“The Space Barons: Elon Musk, Jeff Bezos, and the Quest to Colonize the Cosmos” by Christian Davenport. PublicAffairs (imprint of Perseus Books) New York. Copyright 2018. 308 pages, $28 hardback, $14.99 Kindle.
Nineteenth century America was dominated by the “robber baron” captains of industry such as Rockefeller and Carnegie. Twenty-first century America may well become the era of “space barons”, a cadre of rich, high-tech entrepreneurs who want to see a quick return to manned space exploration. Among those figures are Elon Musk, who started SpaceX with $100 million of his own money and Amazon.com founder Jeff Bezos who once admitted to spending $2.5 billion of his own money on a single rocket on behalf of his aerospace company Blue Origin.
Other players include Richard Branson, the British business mogul who owns 400 companies under the “Virgin” logo including suborbital spaceflight company Virgin Galactic and Microsoft co-founder Paul Allen, who aspires to build a space plane to fling rockets into orbit via his company Stratolaunch.
“Space Barons” is largely the story of the first years of operation of both Blue Origin and SpaceEx, start-up aerospace businesses that author Christian Davenport likens to “the tortoise and the hare” respectively. Blue Origin began very slowly and secretively in obscurity in West Texas with an incremental and cautious approach from Jeff Bezos, and with very little media exposure. By contrast, Elon Musk, the oftentimes vocal internet entrepreneur, grew SpaceX very quickly starting in 2002 with constant social media attention and high-profile lawsuits against the US government.
In 2014, Elon Musk sued the federal government alleging that the United Launch Alliance (Boeing and Lockheed Martin) had enjoyed a decade of monopoly on military rocket launch contracts worth hundreds of millions of dollars and that they were trying to shut out small “ankle-biter” providers who were more nimble administratively and more cost-conscious than large legacy aerospace behemoths. Musk’s comment to the press was, “Suing the military industrial complex is something that you do not take lightly”.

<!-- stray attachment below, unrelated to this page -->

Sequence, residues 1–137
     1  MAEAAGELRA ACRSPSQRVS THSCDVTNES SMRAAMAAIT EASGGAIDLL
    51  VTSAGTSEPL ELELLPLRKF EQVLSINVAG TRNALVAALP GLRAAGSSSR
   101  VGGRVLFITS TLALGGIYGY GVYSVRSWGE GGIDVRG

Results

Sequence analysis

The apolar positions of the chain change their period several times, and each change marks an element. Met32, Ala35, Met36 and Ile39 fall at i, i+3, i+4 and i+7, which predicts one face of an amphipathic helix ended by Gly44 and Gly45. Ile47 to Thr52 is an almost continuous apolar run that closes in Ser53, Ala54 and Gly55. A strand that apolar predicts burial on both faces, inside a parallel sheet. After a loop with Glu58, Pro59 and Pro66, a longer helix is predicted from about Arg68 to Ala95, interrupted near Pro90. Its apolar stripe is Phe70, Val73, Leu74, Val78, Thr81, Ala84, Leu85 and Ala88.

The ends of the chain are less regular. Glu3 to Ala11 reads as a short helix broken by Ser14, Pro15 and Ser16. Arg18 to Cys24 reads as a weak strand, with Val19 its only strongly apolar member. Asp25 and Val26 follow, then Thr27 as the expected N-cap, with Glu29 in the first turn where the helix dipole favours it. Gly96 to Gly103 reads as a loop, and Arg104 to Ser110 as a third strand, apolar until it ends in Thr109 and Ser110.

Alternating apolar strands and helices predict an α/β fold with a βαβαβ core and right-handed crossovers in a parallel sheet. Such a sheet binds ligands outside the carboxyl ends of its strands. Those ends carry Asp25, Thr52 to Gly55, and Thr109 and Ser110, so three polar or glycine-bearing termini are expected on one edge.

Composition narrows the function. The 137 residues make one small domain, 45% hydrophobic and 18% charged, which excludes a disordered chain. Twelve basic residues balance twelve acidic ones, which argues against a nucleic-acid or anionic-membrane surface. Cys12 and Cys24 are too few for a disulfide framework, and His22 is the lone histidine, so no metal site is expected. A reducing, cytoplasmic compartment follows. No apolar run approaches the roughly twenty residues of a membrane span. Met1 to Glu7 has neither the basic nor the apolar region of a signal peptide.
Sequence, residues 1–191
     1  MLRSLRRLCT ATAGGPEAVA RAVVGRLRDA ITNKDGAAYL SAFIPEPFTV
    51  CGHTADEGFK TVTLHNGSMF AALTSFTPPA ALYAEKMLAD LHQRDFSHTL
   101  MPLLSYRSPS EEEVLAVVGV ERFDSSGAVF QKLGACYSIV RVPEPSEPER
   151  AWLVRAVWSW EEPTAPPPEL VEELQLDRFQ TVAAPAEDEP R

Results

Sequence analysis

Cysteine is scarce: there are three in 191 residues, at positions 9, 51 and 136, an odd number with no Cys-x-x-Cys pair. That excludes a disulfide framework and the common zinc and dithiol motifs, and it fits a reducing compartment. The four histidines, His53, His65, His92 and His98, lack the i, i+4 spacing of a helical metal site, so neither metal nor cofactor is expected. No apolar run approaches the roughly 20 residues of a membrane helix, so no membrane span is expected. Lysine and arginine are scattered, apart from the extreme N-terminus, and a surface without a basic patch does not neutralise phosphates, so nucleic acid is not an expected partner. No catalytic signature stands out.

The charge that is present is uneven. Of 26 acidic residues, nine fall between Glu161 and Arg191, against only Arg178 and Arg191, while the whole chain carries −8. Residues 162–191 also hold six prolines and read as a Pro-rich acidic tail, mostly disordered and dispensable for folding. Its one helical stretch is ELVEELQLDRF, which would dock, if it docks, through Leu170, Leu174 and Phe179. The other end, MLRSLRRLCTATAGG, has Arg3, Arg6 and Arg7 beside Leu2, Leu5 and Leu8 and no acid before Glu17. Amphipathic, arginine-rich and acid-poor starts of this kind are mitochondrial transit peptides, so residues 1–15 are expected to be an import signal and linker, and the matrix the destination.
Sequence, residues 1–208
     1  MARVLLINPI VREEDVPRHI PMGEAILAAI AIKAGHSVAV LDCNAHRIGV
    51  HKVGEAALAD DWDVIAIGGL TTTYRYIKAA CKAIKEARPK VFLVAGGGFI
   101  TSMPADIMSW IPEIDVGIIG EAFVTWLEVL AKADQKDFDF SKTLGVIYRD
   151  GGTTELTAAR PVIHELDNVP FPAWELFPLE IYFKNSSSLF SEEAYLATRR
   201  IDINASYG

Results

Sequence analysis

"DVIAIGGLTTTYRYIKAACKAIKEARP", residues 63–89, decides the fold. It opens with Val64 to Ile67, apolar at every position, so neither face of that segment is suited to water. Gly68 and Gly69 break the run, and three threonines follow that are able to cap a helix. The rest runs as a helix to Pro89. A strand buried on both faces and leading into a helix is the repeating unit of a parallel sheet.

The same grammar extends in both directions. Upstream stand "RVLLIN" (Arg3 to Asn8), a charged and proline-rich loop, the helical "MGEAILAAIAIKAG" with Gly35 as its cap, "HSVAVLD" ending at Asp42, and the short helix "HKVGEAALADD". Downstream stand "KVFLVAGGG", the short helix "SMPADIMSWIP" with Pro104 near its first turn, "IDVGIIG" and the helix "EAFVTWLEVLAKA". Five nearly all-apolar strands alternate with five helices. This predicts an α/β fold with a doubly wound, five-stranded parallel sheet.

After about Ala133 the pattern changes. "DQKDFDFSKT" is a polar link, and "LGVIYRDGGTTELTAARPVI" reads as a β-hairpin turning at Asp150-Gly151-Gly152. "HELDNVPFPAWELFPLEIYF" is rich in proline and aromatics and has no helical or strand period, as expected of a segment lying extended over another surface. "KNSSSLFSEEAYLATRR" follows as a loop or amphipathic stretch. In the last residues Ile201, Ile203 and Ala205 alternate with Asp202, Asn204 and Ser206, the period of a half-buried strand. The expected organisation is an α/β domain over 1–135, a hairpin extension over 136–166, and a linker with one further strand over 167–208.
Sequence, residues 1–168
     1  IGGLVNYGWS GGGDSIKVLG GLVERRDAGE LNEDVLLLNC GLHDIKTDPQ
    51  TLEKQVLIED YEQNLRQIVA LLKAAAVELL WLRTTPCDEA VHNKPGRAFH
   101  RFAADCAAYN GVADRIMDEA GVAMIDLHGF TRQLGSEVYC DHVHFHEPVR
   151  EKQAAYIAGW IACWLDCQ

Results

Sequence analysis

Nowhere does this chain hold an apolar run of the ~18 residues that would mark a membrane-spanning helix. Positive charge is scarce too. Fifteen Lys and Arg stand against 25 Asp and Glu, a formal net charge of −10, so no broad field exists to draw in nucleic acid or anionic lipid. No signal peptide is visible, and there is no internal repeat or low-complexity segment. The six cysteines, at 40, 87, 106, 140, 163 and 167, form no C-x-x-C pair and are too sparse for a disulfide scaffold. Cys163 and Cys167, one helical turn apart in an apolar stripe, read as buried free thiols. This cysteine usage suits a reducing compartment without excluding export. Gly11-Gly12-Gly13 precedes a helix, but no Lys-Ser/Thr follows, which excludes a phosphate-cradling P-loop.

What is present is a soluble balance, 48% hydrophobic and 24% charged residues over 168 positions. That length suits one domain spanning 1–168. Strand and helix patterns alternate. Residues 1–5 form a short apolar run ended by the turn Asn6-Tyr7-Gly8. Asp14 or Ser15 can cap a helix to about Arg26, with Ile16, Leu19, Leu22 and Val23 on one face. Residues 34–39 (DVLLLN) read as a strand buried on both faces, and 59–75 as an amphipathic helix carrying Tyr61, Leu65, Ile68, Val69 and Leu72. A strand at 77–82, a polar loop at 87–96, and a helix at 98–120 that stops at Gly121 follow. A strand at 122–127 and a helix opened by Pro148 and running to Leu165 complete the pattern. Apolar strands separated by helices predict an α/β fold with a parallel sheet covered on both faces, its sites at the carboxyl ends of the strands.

Davenport concludes that there is no motivation like competition and that the rivalry among new US-based aerospace companies has been a solid win in terms of efficiency, responsiveness, and problem-solving. In particular, it has served to make NASA pay more attention to how they award large contracts and has put pressure on the government to be more audacious than just using the now defunct Space Shuttle to supply the International Space Station—a mission that had been repeated to the point of becoming routine and boring. Not since the Sputnik space race with Russia of the late 1950s has there been such pressure to produce launch results quickly and with a minimum of bureaucratic inertia.
“Space Barons” delivers as a peon to the visionary dreams of two very different billionaires whose imaginations were piqued by space flight in early childhood. Davenport, a financial reporter for the Washington Post, showcases his defense industry knowledge, but produces an episodic work that would have benefited from more rigorous editing and fewer digressions in time and “space”.
Lisa Kobrin is the Reference Manager and Genealogy Librarian at the May Memorial Library. She can be reached at firstname.lastname@example.org or (336) 229-3588.